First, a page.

New red diesel rules could ‘spell the end’ of charity tractor runs councillor warns

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The new red diesel rules could spell the end of successful tractor runs, which are ‘an important asset to charity fundraising’ – Councillor Harold McKee has warned.

The TUV Mourne councillor and South Down candidate for the 2022 assembly elections, joined the UFU on Tuesday via zoom to listen to HMRC officials explain the new changes to rebated fuel from 1 April 2022.

Cllr McKee said the large number of questions posed underscored the reality that there remains a “great deal of confusion about this policy”.

“These changes will be as a result of the 2020 and 2021 Budgets announced by the Chancellor, which made clear that entitlement to use red diesel and rebated fuels will be removed from most sectors from 1 April 2022,” Cllr McKee explained.

TUV assembly candidate, Councillor Harold McKeeTUV assembly candidate, Councillor Harold McKee
TUV assembly candidate, Councillor Harold McKee

“This will be a significant change from the current approach, where only certain vehicles and machines will be allowed to use rebated fuel for specific purposes.

“The government argues that these changes are designed to reduce the negative environmental impact of emissions and incentivise businesses to improve the energy efficiency of machinery.”

He added: “The reality, as I have heard from many, is that it will increase costs and with those with red diesel in their engines being told that they will have to drain them, in spite of manufacture instructions warning against doing such, could cause lasting damage to engines.”

Cllr McKee was “disappointed” to hear the HMRC officers confirm tractors, or similar vehicles, used in vintage tractor runs and ploughing matches were no longer allowed to use red diesel after 1 April, as this is “not seen as for agricultural purposes”.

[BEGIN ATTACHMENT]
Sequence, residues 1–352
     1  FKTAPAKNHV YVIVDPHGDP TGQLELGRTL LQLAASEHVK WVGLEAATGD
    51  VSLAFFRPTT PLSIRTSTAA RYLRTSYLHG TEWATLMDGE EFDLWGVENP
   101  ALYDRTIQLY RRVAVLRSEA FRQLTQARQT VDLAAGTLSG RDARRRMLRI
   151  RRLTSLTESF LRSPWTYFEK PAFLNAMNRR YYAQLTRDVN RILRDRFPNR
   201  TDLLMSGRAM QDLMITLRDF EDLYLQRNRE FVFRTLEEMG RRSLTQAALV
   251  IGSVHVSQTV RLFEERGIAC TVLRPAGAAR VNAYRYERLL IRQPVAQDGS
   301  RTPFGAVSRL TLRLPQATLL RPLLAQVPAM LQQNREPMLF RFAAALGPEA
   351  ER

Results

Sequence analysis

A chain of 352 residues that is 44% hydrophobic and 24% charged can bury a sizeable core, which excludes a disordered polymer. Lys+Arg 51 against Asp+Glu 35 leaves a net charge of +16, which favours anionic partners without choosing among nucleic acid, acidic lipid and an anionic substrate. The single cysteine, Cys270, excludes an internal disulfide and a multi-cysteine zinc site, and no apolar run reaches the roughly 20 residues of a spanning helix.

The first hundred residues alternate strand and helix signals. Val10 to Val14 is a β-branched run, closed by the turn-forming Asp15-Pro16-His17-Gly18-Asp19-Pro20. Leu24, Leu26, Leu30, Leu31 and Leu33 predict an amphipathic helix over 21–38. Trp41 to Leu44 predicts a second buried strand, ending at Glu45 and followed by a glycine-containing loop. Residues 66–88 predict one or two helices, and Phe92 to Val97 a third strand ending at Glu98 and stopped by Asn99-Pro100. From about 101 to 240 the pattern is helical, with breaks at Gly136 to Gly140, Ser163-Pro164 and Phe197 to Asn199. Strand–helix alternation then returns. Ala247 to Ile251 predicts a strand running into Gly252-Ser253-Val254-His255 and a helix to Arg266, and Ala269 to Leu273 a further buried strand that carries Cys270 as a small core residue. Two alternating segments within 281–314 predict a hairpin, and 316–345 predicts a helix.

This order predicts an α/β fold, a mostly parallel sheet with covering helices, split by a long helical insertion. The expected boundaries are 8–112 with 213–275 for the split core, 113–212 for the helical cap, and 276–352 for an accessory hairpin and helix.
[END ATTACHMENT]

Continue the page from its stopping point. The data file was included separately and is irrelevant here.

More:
“One of my questions to the officers included this query, and alerted them to the fact that this could spell the end of these successful shows as they were an important asset to charity fundraising,” he continued.

“It is well known that a lot of tractors involved in tractor runs are in everyday use on the farm and would, therefore, legitimately use red diesel on a regular basis.

“There were a large number of questions put to the officials on the webinar, a fact which underscored the reality that there remains a great deal of confusion about this policy, which takes no account of the reality on the ground for many farmers.

“Although most of the rebated fuel will be used by the farmer for agricultural purposes, they will not be affected in the same way as the construction industry, mining and quarrying, manufacturing, road maintenance, plant hire, waste management, ports and airports, generators, water pumps, forklifts used in hardware stores and refrigerator generators on haulage vehicles will all have to use white diesel.”

Cllr McKee said he does not see “any abundance” of green fuel on the market that can be used as an alternative to diesel to power heavy machinery.

He stated: “All housing developments, road works, farm drainage, etc. will fall foul of the fuel changes as the construction businesses will all have to increase their handling and manufacturing prices accordingly to absorb the extra 11.14 pence per litre of fuel.

“Obviously, this expected increase in prices will have a detrimental impact on the economy, as the consumer will be expected to pay the additional costs,” he ended.

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